Angela, a former student of mine, comes to mind. She and her twin were both students in my fifth-grade class. I had noticed Angela struggling to complete homework, and I wanted an answer as to why. She informed me of her responsibilities at home: having to take care of her younger siblings while her mother worked until 4 a.m.. She discussed how her mother, who I was aware was formerly incarcerated, had difficulty finding a well-paying job. The felony conviction her mother acquired was one that plagues many low-income and Black and Brown communities, a fleeting remnant of “tough-on-crime” laws like the 1994 Crime Bill. It prohibited her and communities of people like her, from actively engaging in the workforce. Her mother was subjected to minimum wage, fast-food jobs while being expected to adequately provide for a family of four. And this forced Angela to choose between her family and studies.
These experiences informed me firsthand that the education—and I’ll add workforce—systems need an overhaul; and that means not just centering data and evaluation, but also centering the voices of students, parents, and community members. Policies need to be more inclusive and reflective of the experiences that everyday Americans navigate, particularly communities of color that suffer the consequences of inequitable policies most severely. We need our education and workforce systems to address the many disparate needs of students and workers, offering a path to upward mobility, post-secondary success and sustainable, well-paid career paths. We need policy solutions that ensure all students receive a transformational education and on-ramps toward financial security and economic mobility.
This pandemic has no doubt highlighted that the families of low-income students and students of color are disproportionately impacted. Many parents and caregivers in these same communities are considered front-line workers, and the lack of child care has, and continues to significantly impact their ability to work. Black and Brown women, in particular, were the beneficiaries of consequential policies that excluded women disproportionately from the workforce. And families of students who already faced significant barriers found themselves without the necessary materials to succeed in remote learning environments. Many students and teachers struggled to gain access to safe and reliable high-speed Internet services at a time when connectivity was so crucial. And the gaps in access were most concentrated in rural, low-income, and tribal school districts; according to an NPR article, just over half of Native Americans living on tribal lands had access to high-speed Internet service.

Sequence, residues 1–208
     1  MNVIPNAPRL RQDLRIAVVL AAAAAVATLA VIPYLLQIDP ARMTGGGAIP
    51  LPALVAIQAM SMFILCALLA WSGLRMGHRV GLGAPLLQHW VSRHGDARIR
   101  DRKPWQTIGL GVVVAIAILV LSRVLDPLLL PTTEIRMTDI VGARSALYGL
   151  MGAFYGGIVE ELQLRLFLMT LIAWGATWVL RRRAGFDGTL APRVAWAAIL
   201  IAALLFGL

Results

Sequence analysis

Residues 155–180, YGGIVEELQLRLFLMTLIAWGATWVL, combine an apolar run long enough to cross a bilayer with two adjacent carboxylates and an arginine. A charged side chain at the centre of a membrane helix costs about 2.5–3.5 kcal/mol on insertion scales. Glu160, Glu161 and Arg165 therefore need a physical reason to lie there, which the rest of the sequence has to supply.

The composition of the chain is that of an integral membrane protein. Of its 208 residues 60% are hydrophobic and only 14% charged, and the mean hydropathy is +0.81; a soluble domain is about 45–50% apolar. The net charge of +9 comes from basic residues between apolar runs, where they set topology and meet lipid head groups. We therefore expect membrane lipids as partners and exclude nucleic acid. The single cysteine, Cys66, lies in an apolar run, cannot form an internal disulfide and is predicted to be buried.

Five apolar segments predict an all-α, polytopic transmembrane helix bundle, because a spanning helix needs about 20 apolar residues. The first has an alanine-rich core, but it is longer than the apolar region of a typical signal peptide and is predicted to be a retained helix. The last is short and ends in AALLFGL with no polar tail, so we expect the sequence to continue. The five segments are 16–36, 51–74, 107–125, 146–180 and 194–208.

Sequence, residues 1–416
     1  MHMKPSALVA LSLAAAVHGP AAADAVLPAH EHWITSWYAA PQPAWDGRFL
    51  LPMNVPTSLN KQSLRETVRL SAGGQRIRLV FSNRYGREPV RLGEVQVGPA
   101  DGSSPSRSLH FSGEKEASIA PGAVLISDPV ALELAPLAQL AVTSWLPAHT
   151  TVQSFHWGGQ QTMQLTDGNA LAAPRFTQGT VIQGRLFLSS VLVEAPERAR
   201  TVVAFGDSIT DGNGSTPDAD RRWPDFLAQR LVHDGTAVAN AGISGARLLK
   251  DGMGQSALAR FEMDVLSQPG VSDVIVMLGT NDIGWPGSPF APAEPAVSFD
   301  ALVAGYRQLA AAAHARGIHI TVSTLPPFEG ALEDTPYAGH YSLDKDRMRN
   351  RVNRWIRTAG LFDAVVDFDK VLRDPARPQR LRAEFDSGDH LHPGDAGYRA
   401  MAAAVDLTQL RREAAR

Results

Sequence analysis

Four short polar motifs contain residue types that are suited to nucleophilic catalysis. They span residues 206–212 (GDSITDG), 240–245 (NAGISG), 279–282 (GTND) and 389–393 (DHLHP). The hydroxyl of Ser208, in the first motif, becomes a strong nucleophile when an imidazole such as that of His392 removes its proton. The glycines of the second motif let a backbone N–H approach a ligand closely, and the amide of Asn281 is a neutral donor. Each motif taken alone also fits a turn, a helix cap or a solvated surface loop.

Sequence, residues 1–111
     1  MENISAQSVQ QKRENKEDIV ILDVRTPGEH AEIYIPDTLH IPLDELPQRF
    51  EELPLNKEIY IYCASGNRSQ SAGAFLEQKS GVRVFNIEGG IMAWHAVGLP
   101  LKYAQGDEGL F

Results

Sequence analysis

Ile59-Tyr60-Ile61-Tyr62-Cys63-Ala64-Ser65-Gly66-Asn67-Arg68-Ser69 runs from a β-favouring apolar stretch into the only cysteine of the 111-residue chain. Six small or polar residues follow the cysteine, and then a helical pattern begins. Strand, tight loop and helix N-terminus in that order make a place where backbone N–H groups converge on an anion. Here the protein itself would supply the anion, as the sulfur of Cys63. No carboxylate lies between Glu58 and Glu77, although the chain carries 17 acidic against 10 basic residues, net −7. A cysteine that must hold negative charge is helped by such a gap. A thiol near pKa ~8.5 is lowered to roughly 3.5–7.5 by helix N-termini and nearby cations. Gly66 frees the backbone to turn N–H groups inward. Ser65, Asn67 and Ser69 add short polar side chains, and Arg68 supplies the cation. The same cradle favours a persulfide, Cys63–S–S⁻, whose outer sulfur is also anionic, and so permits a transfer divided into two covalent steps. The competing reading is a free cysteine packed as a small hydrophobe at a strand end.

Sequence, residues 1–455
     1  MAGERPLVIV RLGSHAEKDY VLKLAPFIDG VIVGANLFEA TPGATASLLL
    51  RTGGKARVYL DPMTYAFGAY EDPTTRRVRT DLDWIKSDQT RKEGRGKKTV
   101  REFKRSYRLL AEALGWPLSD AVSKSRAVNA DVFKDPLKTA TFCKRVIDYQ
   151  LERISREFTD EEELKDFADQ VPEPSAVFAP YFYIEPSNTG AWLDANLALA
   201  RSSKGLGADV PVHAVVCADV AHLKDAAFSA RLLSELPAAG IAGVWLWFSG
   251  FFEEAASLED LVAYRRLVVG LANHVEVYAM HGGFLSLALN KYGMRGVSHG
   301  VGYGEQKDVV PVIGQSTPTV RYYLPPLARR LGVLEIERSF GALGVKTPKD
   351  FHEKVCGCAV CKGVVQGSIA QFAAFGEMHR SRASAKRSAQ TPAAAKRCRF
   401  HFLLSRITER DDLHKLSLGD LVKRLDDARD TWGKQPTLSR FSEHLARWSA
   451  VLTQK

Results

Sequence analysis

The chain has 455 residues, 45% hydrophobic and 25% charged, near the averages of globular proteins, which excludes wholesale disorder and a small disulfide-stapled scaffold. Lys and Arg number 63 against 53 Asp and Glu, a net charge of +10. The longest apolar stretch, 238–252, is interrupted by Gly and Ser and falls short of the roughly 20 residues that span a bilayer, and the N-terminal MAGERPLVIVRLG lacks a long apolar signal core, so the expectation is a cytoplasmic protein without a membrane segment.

This Black History Month, I want to remind us that we can’t simply forget our past. Many of the inequities that persist in our education and workforce systems today are due to discriminatory policies and practices that have plagued public policy for generations. For example, the G.I. Bill – a sweeping piece of legislation that offered to lift millions of post-war veterans and their families out of poverty and into the middle class—turned out to be an empty promise for Black Americans (who had themselves fought in the war). Southern policymakers feared that Black veterans would use public sympathy for veterans to advocate against Jim Crow laws, and thus largely excluded them from any benefits the G.I. bill offered, including education, training and unemployment benefits. And this was compounded by redlining and white-run financial institutions refusing to lend to Black people—contributing to the racial wealth gap we see today.